Already a winner: Art Ristau retires from lottery boardJeb Wallace-Brodeur / Staff Photo
Art Ristau of Barre unwraps a huge thank-you card during a retirement celebration for the long-time public servant on Wednesday.
BERLIN — As the Vermont Lottery explores adding electronic games to appeal to younger generations, commission Chairwoman Martha O’Connor credits one person for pushing the idea.
That person, a Vermont Lottery Commission member since 2001, is Arthur Ristau, who was also a staple of Vermont state government under three governors. On Wednesday, he retired from the commission by attending his last meeting.
The state lottery is looking at new ways to reach players through anything from Internet gaming to keno. But Ristau’s vision helped the commission focus in that direction, O’Connor said.
“He encouraged people to look into the future ... and the longer-range picture as opposed to just short term,” said Vermont Lottery Executive Director Greg Smith.
In the fall, the state marked a milestone of sending $500 million in profits to the state, Smith said. The lottery is in its 35th year. The profits previously went into the general fund, but in 1998 the Legislature mandated that the money go to the education fund.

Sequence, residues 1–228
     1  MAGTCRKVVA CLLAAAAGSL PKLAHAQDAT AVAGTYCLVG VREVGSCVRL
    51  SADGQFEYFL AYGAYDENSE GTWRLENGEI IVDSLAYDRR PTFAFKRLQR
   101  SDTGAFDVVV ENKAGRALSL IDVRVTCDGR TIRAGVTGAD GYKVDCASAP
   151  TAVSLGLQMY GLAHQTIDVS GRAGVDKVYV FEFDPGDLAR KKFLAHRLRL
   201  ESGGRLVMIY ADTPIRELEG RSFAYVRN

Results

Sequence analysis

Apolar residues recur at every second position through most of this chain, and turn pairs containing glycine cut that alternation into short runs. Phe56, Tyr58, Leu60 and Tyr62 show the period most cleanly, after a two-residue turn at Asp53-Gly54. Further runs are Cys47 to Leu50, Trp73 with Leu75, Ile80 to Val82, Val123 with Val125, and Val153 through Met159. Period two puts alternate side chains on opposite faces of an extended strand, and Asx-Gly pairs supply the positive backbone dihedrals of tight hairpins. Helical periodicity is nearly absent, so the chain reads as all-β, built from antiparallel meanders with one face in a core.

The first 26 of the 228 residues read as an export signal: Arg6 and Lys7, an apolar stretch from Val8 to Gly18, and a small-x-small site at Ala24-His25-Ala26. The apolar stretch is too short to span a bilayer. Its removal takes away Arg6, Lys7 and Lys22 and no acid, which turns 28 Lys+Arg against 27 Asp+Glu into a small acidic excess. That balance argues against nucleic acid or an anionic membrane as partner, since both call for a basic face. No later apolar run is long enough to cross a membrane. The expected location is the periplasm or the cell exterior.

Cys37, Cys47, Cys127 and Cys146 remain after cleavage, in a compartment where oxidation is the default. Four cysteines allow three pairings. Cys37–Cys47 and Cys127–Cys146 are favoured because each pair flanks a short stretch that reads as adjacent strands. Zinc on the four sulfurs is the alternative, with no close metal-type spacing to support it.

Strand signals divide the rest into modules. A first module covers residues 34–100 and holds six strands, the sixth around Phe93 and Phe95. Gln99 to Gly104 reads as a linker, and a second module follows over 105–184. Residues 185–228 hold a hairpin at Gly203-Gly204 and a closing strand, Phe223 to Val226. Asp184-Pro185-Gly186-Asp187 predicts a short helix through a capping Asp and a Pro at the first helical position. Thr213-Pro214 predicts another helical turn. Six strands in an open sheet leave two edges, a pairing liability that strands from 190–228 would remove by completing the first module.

During a reception after Wednesday’s meeting, Smith recounted some of the 79-year-old Ristau’s job experiences, which have included serving as the administrative assistant to Gov. Philip Hoff, director of the State Planning Office and transportation secretary for Gov. Thomas Salmon, and Liquor Control Department commissioner under Gov. Madeleine Kunin.
“What he’s saying is I just can’t hold a job,” Ristau said, drawing laughs from commissioners and staff members.
But Ristau, a Barre resident, said he wouldn’t have been able to pursue so many different opportunities in state government had it not been for his wife, Anita. She worked as the head of the nursing department at Norwich University and later as the executive director of the Vermont State Board of Nursing.
“My wife was my job security,” he said after the reception, which she attended. “I never had to worry about being able to support my family, pay my kids’ college tuition and meet expenses because my wife was my rock.”
Smith presented Ristau with retirement gifts Wednesday, including a life-size foam cutout of golf clubs and a golfer in the green jacket of a Masters tournament winner. A photo of Ristau’s face took the place of the golfer’s.
As Ristau thanked the commission and staff, he recalled the dedication and skills that he noticed in the office while serving as a member. He also said he made a point of knowing staff members’ names and learning about them.
He said he’d never forget a moment when he saw an information technology specialist, Ellen Pulsifer, kneeling on the floor to fix a computer.
“It’s typical of the skills and dedication of the people here in this room,” he said. “You’re valued, valued colleagues.”
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